Settlement History - The Early Years
On January 6, 1866, the first group of nine men and three women leprosy patients were dropped off at the mouth of Waikolu Valley, the closest accessible point to Kalawao on the southeast side of the peninsula. By October, 101 men and 41 women had been left in an isolation settlement surrounded by controversy and concern from the beginning. At first, the Board of Health thought patients would be self-supporting. After all, Hawaiian people had lived on the peninsula for hundreds of years, sustaining themselves and raising sweet potatoes for export, and the very first patients moved into houses left behind by Hawaiians who had lived in the area.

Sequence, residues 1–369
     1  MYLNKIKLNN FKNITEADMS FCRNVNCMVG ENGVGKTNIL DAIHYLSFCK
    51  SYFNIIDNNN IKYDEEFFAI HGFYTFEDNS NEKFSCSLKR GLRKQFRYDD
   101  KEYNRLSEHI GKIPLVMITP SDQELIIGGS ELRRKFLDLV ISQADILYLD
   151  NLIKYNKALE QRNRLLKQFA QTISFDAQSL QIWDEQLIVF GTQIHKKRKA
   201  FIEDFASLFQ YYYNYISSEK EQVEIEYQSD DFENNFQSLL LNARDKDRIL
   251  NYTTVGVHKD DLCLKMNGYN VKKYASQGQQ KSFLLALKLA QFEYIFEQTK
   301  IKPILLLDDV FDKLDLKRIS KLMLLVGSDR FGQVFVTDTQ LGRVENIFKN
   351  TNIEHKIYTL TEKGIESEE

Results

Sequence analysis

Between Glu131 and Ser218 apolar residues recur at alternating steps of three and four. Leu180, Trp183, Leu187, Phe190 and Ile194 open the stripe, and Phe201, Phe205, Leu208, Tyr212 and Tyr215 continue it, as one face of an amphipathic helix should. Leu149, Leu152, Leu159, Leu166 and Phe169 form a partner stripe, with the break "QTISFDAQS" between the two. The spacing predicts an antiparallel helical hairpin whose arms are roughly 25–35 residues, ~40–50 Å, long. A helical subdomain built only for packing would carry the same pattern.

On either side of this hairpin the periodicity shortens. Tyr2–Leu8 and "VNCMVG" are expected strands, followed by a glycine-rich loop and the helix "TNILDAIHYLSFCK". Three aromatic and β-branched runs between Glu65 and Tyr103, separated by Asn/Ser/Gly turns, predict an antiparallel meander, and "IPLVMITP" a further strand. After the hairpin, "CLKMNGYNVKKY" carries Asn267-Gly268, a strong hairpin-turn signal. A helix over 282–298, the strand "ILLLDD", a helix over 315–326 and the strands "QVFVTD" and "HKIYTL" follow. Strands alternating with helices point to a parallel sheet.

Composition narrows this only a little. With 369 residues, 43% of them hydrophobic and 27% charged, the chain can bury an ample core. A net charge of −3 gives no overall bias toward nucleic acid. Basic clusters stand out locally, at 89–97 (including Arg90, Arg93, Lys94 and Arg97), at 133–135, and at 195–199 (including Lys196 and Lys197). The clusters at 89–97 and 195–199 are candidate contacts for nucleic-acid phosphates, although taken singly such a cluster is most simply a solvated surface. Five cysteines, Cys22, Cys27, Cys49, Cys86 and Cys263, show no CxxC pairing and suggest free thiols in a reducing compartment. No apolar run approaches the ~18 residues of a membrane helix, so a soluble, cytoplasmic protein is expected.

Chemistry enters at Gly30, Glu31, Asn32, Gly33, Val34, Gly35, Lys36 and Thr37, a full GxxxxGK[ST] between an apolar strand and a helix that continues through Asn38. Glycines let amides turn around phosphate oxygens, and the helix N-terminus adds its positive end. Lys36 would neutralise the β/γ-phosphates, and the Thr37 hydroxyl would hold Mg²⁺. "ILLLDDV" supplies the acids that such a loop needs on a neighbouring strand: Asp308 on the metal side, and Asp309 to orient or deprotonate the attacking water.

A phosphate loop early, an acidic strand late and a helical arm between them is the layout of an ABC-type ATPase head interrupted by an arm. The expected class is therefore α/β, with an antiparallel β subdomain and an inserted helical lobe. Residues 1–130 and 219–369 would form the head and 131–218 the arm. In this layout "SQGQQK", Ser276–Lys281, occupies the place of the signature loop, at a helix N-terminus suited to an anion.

In spite of the Board of Health’s efforts to improve conditions, including building a hospital and homes, supplies of food and clothing, housing, and medical care could not keep up with the numbers of people being sent to Kalawao. Starting in 1873 major improvements were made due to the arrival of Father Damien and the interest and support of the next two Hawaiian kings, William Charles Lunalilo and David Kalakaua.